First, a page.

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Jewish Metal is something that has always been a part of me. The first album I ever bought was Twisted Sister’s Stay Hungry, a schmaltzy collection of hard rock from one of Long Island’s many amazing (and partially-Jewish) bands. From the moment I was aware of music, Metal has been my calling… Metal was the theme of my Bar Mitzvah (Metallica was the dais). I had, and still keep, a running list of every prominent Jewish metal musician. But outside of knowing how much influence Jews have had on Metal, there really weren’t any examples of truly “Jewish” Metal. Not that I would want to hear a Jewish Stryper, but none of the melodies have reflected the traditional music we all grew up with. Considering the wonderful intensity of the harmonic minor scale why have American Jews relied so heavily on Western European melodies and the Blues when writing Metal? It would be easy to write 1,000 words about the commercial, cultural, or political reasons, but what about the artistic reasons? –“Hanukkah Gone Metal: How I Drew a Straight Line from Iron Maiden to the Shtetl,” Seth Diamond, Jewcy
Around 490 BCE, Hermodorus, an Ephesian, undertook to refute Heraclitus’s claim that “everything changes and nothing remains still” by writing a History of Death, in which “only those things that have ceased to change” would be recorded. Neanthes of Cyzicus says that Hermodorus had written the first book of his History when he died of a seizure. And Neanthes, says Athenaeus in his Deipnosophistae, had just managed to record the fact of Hermodorus’s death in his Annals when he himself fell ill and died. Georg Kaibel, who prepared the Teubner edition of the Deipnosophistae, makes the joking suggestion that the History might have done Athenaeus in also, inasmuch as he (Athenaeus) was trampled by a horse not long after the fifteenth and final volume of his great work was completed. As for Kaibel, the Neue Deutsche Biographie says that he died of stomach cancer, but Schulze, in his B. G. Teubner, remarks, “Teubner was much moved by the death of Kaibel, who fell to the floor one day in his office, still holding the last pages of a manuscript he had come to deliver.”–“The History of the History of Death,” Paul La Farge, Conjunctions
The dumbest things–hopefully–you will read all day: Ferran Adria, owner of fancy restaurant El Bulli: “We have turned eating into an experience that supersedes eating”; Sandra Tsing Loh hoping you’ll like her if she says she is bad: “I am truly bad, in a 1970s way—that decade when women really were bad!”; Jennifer Rubin on why Obama is no Bush: “Bush was decisive in turning around a failing war strategy, presided over a robust relationship with Israel, got along swimmingly with the Eastern Europeans, and spoke passionately about human rights— so the chance of Obama’s being confused with Bush isn’t great, right?”
The television commercial for the wildly successful Xbox 360 video game Gears of War (2006)– which has, so far, sold more than five million copies– opens with an image of a war-torn cityscape silently smouldering; it radiates as much sinister Gothic pathos as a Tim Burton film. As a view of this digitally-rendered war zone unfolds, a hunched, metal-clad Übermensch appears. He stares dolefully into a pool of water, alone, apparently, in the aftermath of a great battle, his square jaw, weathered skin and narrowed eyes oozing the stoic resolve of the most iconic anti-hero. As this sensitive brute cradles the semi-obliterated face of a porcelain putto in his palm– a passage so heavy-handed it is almost camp– the ground around him begins to erupt and, in an effort to escape, the commando flees quite literally into the jaws of a ravenous alien beast; part scorpion, part beetle and wholly flight-of-fancy. The commercial fades to black just as our nameless hero unleashes a hail of bullets upon this seemingly unassailable monster, the drama of this David-and-Goliath encounter emphasized by a moody tenebrism worthy of Georges de La Tour. –“Mad World,” Christopher Bedford and Jennifer Wulfson, Frieze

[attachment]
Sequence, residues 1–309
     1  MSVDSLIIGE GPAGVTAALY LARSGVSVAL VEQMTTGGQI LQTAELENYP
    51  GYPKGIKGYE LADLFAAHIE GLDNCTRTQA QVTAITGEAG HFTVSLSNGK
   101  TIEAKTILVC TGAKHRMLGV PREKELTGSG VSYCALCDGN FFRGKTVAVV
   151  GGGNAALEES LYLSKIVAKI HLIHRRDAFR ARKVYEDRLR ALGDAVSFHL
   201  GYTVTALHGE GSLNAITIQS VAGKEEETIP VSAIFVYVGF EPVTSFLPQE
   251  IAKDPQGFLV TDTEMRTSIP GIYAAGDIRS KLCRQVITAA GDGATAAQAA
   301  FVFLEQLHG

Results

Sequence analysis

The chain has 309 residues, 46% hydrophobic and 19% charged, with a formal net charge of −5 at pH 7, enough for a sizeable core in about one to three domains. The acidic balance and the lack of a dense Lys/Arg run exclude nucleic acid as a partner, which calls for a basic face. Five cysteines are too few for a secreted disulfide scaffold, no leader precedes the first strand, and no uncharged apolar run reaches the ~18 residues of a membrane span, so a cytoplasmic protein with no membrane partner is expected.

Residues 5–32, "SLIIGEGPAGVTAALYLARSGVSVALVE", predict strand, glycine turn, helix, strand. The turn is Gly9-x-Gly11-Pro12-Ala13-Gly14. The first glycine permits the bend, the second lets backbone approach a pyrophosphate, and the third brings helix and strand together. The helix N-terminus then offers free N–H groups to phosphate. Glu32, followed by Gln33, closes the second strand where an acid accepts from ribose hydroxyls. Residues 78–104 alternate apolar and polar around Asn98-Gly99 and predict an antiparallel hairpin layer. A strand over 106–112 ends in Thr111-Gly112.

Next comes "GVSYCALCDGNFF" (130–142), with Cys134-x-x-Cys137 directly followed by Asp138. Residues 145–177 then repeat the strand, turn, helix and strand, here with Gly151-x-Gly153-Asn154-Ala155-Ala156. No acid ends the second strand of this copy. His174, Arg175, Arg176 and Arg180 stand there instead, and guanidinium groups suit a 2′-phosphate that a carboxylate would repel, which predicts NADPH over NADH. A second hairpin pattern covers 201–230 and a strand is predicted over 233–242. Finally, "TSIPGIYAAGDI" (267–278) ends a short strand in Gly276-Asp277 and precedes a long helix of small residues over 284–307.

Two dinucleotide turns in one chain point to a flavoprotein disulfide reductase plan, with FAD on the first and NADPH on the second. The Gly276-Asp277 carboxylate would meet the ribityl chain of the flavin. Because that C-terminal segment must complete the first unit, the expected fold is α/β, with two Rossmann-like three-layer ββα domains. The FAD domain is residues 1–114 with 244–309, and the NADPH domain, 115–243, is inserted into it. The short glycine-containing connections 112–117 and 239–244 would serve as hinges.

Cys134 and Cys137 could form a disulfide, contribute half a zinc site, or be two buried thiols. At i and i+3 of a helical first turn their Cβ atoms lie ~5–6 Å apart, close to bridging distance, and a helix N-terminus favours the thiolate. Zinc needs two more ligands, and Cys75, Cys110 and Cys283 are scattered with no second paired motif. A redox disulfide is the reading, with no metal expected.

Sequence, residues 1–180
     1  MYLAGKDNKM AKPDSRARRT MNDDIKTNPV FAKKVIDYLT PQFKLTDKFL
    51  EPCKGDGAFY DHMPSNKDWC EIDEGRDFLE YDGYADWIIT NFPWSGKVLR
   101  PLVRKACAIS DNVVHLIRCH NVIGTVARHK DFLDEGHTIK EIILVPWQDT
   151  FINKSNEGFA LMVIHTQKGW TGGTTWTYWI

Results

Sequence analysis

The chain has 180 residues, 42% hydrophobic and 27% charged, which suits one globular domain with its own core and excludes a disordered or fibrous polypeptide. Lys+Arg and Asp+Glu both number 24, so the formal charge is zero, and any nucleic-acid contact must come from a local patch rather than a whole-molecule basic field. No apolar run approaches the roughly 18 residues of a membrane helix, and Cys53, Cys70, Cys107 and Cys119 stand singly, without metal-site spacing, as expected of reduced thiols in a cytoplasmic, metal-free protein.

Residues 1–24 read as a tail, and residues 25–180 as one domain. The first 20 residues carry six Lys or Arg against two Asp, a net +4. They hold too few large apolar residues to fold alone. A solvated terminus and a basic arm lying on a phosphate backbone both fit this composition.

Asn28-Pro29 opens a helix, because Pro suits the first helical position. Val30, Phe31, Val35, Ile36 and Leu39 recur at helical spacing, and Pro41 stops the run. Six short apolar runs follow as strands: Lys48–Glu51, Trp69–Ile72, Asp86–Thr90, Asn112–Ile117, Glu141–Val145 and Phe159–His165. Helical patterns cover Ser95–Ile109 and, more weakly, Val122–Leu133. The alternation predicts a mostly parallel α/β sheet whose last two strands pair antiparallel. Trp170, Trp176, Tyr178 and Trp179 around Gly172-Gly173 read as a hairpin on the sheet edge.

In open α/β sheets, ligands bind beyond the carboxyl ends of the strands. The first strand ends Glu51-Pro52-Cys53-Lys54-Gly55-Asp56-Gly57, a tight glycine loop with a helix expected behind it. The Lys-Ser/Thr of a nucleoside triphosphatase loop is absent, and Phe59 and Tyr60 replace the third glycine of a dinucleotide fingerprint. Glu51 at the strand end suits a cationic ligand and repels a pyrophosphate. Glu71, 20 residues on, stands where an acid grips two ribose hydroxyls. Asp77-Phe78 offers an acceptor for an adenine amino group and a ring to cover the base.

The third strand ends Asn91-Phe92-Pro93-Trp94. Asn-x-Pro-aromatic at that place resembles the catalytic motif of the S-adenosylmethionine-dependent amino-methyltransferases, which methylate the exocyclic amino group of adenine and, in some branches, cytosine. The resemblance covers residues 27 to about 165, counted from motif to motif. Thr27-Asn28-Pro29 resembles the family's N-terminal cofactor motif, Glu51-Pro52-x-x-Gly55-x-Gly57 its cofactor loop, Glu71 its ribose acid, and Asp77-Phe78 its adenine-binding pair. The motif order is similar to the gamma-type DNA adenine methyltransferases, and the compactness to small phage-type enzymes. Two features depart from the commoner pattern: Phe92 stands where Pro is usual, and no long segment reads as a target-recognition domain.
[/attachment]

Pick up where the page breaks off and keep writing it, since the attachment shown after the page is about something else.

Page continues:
I recently spent a semester teaching writing at an elite liberal-arts college. At strategic points around the campus, in shades of yellow and green, banners displayed the following pair of texts. The first was attributed to the college’s founder, which dates it to the 1920s. The second was extracted from the latest version of the institution’s mission statement:
The paramount obligation of a college is to develop in its students the ability to think clearly and independently, and the ability to live confidently, courageously, and hopefully.
Let us take a moment to compare these texts. The first thing to observe about the older one is that it is a sentence. It expresses an idea by placing concepts in relation to one another within the kind of structure that we call a syntax. It is, moreover, highly wrought: a parallel structure underscored by repetition, five adverbs balanced two against three.
Percentage of Britons who cannot name the city that provides the setting for the musical Chicago:
An Australian entrepreneur was selling oysters raised in tanks laced with Viagra.
A naked man believed to be under the influence of LSD rammed his pickup truck into two police cars.
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“Shelby is waiting for something. He himself does not know what it is. When it comes he will either go back into the world from which he came, or sink out of sight in the morass of alcoholism or despair that has engulfed other vagrants.”